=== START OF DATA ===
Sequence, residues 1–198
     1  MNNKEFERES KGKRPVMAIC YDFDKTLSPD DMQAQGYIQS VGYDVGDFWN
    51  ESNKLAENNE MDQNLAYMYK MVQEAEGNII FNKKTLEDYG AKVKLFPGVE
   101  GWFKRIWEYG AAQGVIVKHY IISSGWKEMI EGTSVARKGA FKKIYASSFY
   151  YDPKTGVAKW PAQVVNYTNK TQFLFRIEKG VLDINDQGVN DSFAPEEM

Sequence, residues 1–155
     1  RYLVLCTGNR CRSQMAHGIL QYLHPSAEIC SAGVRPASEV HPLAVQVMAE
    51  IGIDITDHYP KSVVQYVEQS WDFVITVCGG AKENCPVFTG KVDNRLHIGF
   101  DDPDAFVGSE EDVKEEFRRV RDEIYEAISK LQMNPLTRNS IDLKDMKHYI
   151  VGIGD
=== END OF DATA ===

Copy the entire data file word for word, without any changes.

Sequence, residues 1–198
     1  MNNKEFERES KGKRPVMAIC YDFDKTLSPD DMQAQGYIQS VGYDVGDFWN
    51  ESNKLAENNE MDQNLAYMYK MVQEAEGNII FNKKTLEDYG AKVKLFPGVE
   101  GWFKRIWEYG AAQGVIVKHY IISSGWKEMI EGTSVARKGA FKKIYASSFY
   151  YDPKTGVAKW PAQVVNYTNK TQFLFRIEKG VLDINDQGVN DSFAPEEM

Sequence, residues 1–155
     1  RYLVLCTGNR CRSQMAHGIL QYLHPSAEIC SAGVRPASEV HPLAVQVMAE
    51  IGIDITDHYP KSVVQYVEQS WDFVITVCGG AKENCPVFTG KVDNRLHIGF
   101  DDPDAFVGSE EDVKEEFRRV RDEIYEAISK LQMNPLTRNS IDLKDMKHYI
   151  VGIGD